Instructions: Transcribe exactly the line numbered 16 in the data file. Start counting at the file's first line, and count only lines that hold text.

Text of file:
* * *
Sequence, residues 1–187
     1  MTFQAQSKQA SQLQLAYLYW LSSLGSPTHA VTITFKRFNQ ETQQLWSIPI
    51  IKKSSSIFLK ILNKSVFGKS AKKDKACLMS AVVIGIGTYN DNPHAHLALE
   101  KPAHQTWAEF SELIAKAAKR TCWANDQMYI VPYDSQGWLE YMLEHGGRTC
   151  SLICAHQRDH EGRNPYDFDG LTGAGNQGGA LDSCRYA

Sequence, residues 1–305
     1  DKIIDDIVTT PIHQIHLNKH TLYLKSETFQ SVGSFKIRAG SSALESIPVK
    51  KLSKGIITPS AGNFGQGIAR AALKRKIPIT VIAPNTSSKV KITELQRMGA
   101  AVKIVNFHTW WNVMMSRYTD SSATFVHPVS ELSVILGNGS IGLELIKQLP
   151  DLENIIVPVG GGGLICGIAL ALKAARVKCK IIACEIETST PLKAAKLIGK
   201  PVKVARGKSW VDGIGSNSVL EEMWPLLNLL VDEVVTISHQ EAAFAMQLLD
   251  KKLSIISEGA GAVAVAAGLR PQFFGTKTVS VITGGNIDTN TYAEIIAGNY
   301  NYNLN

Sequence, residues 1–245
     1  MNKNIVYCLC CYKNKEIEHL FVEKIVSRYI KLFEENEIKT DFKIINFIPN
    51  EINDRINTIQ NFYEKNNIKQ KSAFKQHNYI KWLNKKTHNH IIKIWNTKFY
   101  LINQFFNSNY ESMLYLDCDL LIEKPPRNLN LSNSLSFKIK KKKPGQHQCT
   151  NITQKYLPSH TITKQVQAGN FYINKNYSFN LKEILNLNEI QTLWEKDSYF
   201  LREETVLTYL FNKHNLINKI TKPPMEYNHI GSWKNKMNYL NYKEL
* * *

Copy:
    51  EINDRINTIQ NFYEKNNIKQ KSAFKQHNYI KWLNKKTHNH IIKIWNTKFY